On our second pass, we take a more careful look at any remaining answer choices. If we get stuck, we may need to use more sophisticated means to continue to narrow down our answers through the use of educated guessing.
There are many different techniques that we can use to make educated guesses. For the most part, the techniques will be specific to a GMAT problem type (Sentence Correction, Critical Reasoning, or Reading Comprehension) or even to a sub-type (for example, Draw a Conclusion on CR). I’ll discuss some of the most common below, but you should consider this just a starting point. As you study from now on, ask yourself: how can I eliminate wrong answers on this question? How do the test writers make wrong answers tempting on certain types of Verbal problems? (Tip: it’s often easier to figure this out on questions you answered correctly; learn how to do it on questions you understand, then apply the technique to harder problems of the same type.)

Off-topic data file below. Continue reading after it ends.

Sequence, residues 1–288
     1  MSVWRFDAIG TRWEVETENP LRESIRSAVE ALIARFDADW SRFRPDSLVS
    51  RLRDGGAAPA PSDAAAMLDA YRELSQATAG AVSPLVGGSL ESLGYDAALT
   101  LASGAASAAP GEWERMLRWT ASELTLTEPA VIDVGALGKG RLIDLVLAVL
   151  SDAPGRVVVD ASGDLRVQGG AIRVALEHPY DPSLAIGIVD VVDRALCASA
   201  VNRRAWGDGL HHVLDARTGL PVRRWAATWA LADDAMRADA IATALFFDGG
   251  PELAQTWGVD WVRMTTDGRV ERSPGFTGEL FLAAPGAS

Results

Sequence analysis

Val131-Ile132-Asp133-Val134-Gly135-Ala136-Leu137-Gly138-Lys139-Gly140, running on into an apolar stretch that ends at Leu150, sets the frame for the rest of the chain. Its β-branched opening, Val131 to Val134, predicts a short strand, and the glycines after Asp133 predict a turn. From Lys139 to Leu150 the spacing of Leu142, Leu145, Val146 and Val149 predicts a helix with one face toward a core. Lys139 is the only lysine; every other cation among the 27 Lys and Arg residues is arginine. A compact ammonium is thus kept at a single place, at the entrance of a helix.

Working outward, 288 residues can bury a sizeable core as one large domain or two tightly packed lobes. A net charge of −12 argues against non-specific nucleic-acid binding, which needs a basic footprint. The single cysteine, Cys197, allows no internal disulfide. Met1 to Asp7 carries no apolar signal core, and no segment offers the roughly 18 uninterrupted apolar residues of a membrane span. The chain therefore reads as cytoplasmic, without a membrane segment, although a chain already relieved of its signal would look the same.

Note: what we discuss in this section still involves making guesses based on certain common traps; it is not the case that these guesses will always result in correctly eliminating wrong answers. These tactics should be used only when needed; they should not be your first line of attack.
Sentence Correction: Play the Odds on Certain Splits
There are certain pairs of differences, or splits, in the answer choices that more often resolve one way than the other (more often—not always). If you know what these are and you have to make a guess, then you can play the odds by guessing the variation that is more often correct. For instance, in a split between like and such as, the phrase such as is more likely to appear in the correct answer. (This is because people often make the mistake of using like when they actually should use such as, so the trap is to think that like is okay to use in place of such as.) In a split between rather than and instead of, rather than is more likely to appear in the correct answer.